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Pain Research and Management
Volume 20, Issue 3, Pages 137-140
http://dx.doi.org/10.1155/2015/302404
Original Article

The Relationship between Fibromyalgia and Pressure Pain Threshold in Patients with Dyspareunia

Hasan Terzi,1 Rabia Terzi,2 and Ahmet Kale1

1Department of Obstetrics and Gynecology, Kocaeli Derince Education and Research Hospital, Kocaeli, Turkey
2Department of Physical Medicine and Rehabilitation, Kocaeli Derince Education and Research Hospital, Kocaeli, Turkey

Copyright © 2015 Hindawi Publishing Corporation. This is an open access article distributed under the Creative Commons Attribution License, which permits unrestricted use, distribution, and reproduction in any medium, provided the original work is properly cited.

Abstract

OBJECTIVE: To evaluate the number of tender points, pressure pain threshold and presence of fibromyalgia among women with or without dyspareunia.

METHODS: The present cross-sectional study included 40 patients with dyspareunia and 30 healthy controls. The participants were asked if they had engaged in sexual intercourse during the previous four weeks, and dyspareunia was rated from 0 to 3 based on the Marinoff Dyspareunia Scale. A pressure algometer (dolorimeter) was used to measure the pressure pain threshold. Fibromyalgia was diagnosed based on the 1990 American College of Rheumatology criteria. The depression status of the participants was assessed using the Beck Depression Inventory.

RESULTS: No statistically significant difference was found with regard to age, body mass index, habits (alcohol use and smoking), educational status and occupational status between the two groups. Total myalgic score, total control score and tender point mean pain threshold were significantly lower in the group with dyspareunia. The number of tender points was significantly higher in patients with dyspareunia. The mean Beck Depression Inventory score was 14.7 ±8.4 in the dyspareunia group compared with 11.2 ±7.1 in the control group. Five (12.5%) of the patients with dyspareunia were diagnosed with fibromyalgia, whereas no patients in the control group were diagnosed with fibromyalgia. There was no significant difference between the two groups with regard to the presence of fibromyalgia.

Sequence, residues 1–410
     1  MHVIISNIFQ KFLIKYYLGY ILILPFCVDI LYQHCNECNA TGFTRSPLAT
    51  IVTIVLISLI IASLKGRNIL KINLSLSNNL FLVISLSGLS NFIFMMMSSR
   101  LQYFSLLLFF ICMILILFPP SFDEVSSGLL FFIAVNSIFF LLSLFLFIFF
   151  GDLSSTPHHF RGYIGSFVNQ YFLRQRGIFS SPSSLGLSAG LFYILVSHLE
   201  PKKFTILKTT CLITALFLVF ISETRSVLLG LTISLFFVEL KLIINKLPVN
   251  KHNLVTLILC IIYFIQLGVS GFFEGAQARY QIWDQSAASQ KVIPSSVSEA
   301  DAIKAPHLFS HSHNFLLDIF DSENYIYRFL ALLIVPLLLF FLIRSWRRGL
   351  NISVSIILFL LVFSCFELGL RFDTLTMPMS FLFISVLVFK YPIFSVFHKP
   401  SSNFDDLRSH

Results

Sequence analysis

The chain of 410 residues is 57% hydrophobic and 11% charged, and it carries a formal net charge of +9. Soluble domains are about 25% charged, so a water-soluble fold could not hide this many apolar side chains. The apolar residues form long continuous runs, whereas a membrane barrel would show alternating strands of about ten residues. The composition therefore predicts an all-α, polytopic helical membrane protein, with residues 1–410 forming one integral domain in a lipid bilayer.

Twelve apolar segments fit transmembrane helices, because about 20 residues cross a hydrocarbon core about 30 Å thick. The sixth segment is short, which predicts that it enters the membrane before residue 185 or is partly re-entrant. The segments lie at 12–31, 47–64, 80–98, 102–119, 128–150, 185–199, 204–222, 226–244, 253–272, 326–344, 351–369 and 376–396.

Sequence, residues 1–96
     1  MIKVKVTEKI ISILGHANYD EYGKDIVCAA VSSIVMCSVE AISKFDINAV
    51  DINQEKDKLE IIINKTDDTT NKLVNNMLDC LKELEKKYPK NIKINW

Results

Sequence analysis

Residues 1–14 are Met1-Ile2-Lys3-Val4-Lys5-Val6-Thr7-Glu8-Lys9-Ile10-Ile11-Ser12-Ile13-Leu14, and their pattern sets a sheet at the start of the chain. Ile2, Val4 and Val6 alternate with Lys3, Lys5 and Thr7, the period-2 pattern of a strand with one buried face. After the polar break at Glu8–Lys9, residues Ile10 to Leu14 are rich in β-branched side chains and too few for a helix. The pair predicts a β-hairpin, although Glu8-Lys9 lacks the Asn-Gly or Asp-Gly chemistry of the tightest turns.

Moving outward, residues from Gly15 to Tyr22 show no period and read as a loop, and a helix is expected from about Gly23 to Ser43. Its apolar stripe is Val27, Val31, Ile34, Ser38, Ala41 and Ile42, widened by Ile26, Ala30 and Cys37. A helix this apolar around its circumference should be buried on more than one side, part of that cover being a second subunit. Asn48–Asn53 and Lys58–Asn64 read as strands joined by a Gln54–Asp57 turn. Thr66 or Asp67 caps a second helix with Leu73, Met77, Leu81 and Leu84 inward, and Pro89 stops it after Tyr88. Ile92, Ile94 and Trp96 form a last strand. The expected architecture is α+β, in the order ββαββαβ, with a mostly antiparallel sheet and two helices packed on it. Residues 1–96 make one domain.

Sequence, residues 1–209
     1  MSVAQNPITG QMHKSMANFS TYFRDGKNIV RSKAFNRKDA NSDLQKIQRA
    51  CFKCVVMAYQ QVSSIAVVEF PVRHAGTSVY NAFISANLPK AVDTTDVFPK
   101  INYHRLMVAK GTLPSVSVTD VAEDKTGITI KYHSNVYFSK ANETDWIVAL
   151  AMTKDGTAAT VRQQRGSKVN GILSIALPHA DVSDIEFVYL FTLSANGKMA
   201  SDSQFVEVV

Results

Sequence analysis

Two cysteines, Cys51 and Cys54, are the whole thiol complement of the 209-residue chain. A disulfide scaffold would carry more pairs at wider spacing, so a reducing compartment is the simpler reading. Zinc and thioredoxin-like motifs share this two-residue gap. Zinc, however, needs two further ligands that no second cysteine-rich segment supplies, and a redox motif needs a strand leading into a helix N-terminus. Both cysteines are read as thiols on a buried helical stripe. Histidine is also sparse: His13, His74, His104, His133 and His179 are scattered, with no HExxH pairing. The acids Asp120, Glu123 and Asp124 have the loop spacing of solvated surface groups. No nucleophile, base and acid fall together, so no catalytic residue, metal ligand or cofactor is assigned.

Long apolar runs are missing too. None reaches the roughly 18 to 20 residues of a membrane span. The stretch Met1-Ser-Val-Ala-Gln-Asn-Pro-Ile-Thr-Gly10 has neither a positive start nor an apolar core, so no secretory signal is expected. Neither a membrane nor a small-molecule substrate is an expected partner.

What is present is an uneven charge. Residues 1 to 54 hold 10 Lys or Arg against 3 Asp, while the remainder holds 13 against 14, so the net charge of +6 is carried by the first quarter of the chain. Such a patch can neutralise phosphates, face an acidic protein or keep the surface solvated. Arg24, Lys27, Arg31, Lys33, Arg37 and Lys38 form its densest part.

CONCLUSION: The finding of lower pressure pain thresholds and a higher number of tender points among patients with dyspareunia suggests that these patients may have increased generalized pain thresholds. Additional studies involving a larger number of patients are required to investigate the presence of central mechanisms in the pathogenesis of dyspareunia.